Re: Tesla Coil Operation - was "Harmonics"

>Date: Sun, 24 Jan 1999 14:46:36
>To: Tesla List <tesla-at-pupman-dot-com>
>From: "John H. Couture" <COUTUREJH-at-worldnet.att-dot-net>
>Subject: Re: Tesla Coil Operation - was "Harmonics"

  Antonio -

  Pendulums with magnets are also not an accurate anology because magnets
are not mechanical. There is another reason. Magnets used in this way would
not duplicate the same eleectrical function that is in the Tesla coil.
Magmetism and electrostatics were known long before Faraday was born. 

  I believe the Tesla coil is a complex electrical apparatus and it is not
possible to duplicate its operation accurately using a mechanical analogy.
The main problem is in duplicating the transfer of energy thru space from
the primary to secondary coil. This involves electrical induction that was
discovered by Faraday. 

  This energy thru space is part of the electrical phenomena that Maxwell
explained in his treatise on electricity and magnetism. Maxwell proposed
that this type of energy transfer was possible thru space (no belts,
pulleys, or gears). Maxwell then developed the mathematical foundations for
electromagnetic waves. Maxwell's equations covered the work of Coulomb,
Oersted, Ampere, Faraday, Ohm, and other famous men.

  Seventeen years later Hertz discovered the radio waves (electromagnetic
radiation) that Maxwell had predicted. Hertz, however, believed radio waves
would never be of any use because of the limitations of his circuit. About
ten years later Tesla invented the circuit that improved Hertz's circuit and
made it a viable circuit for practical radio transmission. This circuit was
also the basis of the Tesla coil circuit which Tesla wanted to use as an
ultra high voltage transformer. A few years later Marconi patented a radio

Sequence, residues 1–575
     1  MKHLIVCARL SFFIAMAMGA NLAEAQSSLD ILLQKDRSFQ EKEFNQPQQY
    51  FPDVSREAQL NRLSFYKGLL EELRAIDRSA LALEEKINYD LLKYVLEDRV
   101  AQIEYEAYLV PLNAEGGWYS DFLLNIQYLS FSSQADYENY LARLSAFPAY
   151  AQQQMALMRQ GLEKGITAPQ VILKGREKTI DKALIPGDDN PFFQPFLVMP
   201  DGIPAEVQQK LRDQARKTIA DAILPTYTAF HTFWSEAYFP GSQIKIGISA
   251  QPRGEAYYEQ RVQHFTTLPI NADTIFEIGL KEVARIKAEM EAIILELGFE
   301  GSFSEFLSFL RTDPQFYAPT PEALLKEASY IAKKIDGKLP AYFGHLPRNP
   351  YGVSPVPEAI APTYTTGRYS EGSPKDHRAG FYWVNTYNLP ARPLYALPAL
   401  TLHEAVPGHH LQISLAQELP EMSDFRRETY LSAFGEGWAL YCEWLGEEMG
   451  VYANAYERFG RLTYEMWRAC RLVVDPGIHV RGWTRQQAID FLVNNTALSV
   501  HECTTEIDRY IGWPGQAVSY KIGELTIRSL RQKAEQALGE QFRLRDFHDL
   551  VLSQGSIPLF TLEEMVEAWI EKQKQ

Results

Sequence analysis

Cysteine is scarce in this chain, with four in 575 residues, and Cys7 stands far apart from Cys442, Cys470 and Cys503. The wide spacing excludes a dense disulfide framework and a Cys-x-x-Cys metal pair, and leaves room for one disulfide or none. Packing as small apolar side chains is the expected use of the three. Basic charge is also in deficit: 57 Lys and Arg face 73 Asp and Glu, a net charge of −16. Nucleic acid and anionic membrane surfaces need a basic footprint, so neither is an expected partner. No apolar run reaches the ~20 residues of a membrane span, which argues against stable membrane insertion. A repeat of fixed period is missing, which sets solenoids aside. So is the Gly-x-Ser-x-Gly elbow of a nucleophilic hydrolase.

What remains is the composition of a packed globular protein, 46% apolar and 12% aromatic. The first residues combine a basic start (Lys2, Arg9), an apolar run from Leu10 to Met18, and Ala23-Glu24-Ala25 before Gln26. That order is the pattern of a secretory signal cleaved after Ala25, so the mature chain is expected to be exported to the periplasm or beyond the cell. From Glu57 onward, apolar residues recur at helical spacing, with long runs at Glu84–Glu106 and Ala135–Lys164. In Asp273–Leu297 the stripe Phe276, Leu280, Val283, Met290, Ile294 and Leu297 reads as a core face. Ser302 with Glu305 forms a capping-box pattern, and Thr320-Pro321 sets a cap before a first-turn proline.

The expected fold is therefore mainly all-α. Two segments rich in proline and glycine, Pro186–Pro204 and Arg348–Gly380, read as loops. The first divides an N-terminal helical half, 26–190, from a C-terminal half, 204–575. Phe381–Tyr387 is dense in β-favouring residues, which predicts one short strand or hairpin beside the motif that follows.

circuit that was later nulified. The rest is history.

  John Couture

>At 01:48 AM 1/22/99 -0700, you wrote:
>>Original Poster: "Antonio Carlos M. de Queiroz" <acmq-at-compuland-dot-com.br> 
>>John H. Couture wrote:
>>>   I think that any mechanical anology of the Tesla coil operation can only
>>> be a poor example of how the TC works. Being an electrical engineer I look
>>> at the TC transformer as part of an energy transfer system that can be
>>> to transfer energy from a power source to a load. With the Tesla coil the
>>> energy is transferred from the primary coil to the secondary coil with no
>>> physical connection between the coils. There is no mechanical device that
>>> can replicate this kind of electrical magic.
>>The differential equations that describe both systems are practically
>>identical (the mechanical system is a bit nonlinear), and so we can
>>say that both system work with the same dynamics. If you want a
>>mechanical system with "action at distance", make two pendulums using
>>bar magnets as the weights, both with the same vertical orientation,
>>so there is some repulsion between them. Add weight to one of them
>>to make it the "primary oscillator", tune both to the same frequency
>>by adjusting the lenght of one of the strings (ideally identical),
>>and set the "primary" in oscillation. The energy transfer is not
>>as in the case with mechanical coupling (this time there is only
>>repulsion), but the final effect will be similar, with energy
>>being transferred gradually from the primary to the secondary and
>>back. (I have just tested the idea. It works, but as there is no
>>equivalent to a transformer in the system, the energy is never
>>completely transferred to the secondary pendulum. The primary 
>>oscillates with a small variation in amplitude and the secondary
>>shows beats. The same happens in the mechanical analog if the 
>>connection bar is horizontal).
>>>   We call this the magic of electrical induction. We can thank Michael
>>> Faraday for making this discovery. 
>>Don't forget electrostatic forces, known since antiquity.
>>>   The Tesla coil is a special type of transformer that Tesla invented to
>>> make it possible to distribute electricity around the world without wires.
>>This never worked, and very probably would never work...
>>Antonio Carlos M. de Queiroz